My composition converts many key numbers in the story of that season into musical devices. The melody “falls” in the beginning, depicting the way the Jayhawks’ season seemed to be tumbling down into mediocrity. The melody consists of phrases of one measure, nine measures, eight measures, and eight measures, signifying the year 1988.
There were five miracles on the court, so the musical interval of the fifth is used throughout. And finally, a little section of baritone saxophonist Gerry Mulligan-inspired “cool” style jazz depicts Danny Manning’s consistently level-headed approach in battling through the most pressurized situations during that unpredictable championship season.
Sherman Irby on “The Ponderous Pachyderm of the Planks” (Clyde Lovellette):
Movement sponsors: Jon and Vicki Jamison
In the mid-1940s, Clyde Lovellette was part of an emerging class of athletic and high-scoring big men in basketball. As a matter of fact, he led the nation in scoring his senior year and led the team to the NCAA Championship, becoming the first player to accomplish those feats in the same year. He was a terror on the court, both physically and verbally. He dominated the paint inside and was able to spread the floor with his outside shooting. In the NBA, Lovellette’s trash talk once riled up Wilt Chamberlain so much, The Dipper decked him right on the court (and didn’t even get ejected).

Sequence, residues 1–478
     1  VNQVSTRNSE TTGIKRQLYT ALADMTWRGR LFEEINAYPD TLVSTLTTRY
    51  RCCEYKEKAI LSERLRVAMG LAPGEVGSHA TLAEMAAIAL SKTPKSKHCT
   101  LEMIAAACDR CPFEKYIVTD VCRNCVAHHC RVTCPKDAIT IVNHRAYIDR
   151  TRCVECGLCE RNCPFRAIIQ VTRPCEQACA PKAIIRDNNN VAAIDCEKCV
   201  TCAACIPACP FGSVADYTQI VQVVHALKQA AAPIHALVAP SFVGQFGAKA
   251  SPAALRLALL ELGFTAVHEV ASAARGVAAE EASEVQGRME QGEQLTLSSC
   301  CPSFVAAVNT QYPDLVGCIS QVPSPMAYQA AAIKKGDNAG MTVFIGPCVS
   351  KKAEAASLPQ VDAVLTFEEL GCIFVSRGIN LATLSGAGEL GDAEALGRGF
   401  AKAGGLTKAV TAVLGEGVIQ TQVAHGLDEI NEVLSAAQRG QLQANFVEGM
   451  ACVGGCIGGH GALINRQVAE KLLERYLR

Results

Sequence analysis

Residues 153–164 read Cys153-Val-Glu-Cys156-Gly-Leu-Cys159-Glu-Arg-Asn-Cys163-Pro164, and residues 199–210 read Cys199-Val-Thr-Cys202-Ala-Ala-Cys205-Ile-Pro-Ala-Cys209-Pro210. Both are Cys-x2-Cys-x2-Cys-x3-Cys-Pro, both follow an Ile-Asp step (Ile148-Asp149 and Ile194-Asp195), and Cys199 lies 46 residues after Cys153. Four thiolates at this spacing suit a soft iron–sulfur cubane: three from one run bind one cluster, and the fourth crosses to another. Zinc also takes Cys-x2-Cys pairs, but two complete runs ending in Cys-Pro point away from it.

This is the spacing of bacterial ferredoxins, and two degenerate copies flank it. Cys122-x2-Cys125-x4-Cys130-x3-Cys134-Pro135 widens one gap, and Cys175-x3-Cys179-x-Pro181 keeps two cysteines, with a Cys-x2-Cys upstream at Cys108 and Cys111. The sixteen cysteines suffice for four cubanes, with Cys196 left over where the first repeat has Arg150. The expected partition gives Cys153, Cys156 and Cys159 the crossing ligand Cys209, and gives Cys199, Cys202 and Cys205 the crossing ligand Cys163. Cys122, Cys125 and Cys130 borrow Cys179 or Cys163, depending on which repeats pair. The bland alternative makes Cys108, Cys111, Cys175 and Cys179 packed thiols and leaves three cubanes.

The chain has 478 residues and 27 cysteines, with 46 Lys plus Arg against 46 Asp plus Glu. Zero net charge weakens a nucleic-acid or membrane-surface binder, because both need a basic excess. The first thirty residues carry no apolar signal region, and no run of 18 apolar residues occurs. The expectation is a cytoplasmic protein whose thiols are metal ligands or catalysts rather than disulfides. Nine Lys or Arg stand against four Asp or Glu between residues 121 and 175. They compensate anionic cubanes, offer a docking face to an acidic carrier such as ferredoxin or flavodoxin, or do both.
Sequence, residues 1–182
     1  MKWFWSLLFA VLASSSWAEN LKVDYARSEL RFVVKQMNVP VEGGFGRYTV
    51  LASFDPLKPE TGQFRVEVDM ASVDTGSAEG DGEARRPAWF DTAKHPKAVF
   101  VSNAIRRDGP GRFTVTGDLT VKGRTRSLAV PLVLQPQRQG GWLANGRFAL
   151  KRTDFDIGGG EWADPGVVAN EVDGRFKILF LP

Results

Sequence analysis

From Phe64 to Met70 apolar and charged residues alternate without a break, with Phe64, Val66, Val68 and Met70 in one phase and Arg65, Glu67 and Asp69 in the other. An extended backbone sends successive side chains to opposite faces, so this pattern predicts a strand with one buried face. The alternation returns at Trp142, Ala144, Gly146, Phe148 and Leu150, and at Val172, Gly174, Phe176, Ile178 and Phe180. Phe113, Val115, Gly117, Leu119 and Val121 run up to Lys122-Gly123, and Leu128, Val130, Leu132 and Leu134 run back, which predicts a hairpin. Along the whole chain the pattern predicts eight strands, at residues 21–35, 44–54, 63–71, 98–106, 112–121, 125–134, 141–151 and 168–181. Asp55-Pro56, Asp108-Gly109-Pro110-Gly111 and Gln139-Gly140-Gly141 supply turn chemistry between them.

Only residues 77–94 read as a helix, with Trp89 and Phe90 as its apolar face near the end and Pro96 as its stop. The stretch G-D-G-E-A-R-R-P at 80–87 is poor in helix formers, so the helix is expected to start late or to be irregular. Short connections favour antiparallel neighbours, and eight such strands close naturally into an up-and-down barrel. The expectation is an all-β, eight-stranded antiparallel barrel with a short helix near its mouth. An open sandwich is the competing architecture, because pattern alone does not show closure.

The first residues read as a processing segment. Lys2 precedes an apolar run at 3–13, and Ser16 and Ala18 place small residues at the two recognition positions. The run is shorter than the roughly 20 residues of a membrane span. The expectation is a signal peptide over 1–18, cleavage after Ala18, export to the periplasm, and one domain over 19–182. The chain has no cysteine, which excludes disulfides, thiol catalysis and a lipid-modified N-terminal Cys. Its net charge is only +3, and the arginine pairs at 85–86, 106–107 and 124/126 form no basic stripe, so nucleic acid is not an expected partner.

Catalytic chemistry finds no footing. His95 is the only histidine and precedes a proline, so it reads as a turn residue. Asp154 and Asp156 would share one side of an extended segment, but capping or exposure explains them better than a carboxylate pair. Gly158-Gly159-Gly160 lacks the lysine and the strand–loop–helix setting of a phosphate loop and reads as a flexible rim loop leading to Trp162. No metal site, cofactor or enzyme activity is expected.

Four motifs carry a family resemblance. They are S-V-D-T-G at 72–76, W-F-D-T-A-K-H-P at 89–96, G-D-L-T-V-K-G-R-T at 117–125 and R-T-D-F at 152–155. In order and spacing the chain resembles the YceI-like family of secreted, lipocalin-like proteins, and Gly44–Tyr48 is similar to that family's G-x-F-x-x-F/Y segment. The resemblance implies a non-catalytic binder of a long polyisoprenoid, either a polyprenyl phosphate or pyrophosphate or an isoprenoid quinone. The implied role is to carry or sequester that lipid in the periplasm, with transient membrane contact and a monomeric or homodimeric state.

Love him or hate him, Mr. Lovellette was a true all-star, a member of the very elite group of greats to win both NCAA and NBA championships and an Olympic gold medal. Lovellette earned many nicknames over the years, but the craziest and most memorable is “The Ponderous Pachyderm of the Planks!”
Carlos Henriquez on “Wiggins in 6/8” (Andrew Wiggins):
(Movement sponsors: Jeff & Mary Weinberg)
Andrew Wiggins only played one season with the Jayhawks: 2013-2014. In 2014, he became the first overall pick in the NBA draft. He won Rookie of the Year honors for the 2014–2015 season with the Minnesota Timberwolves.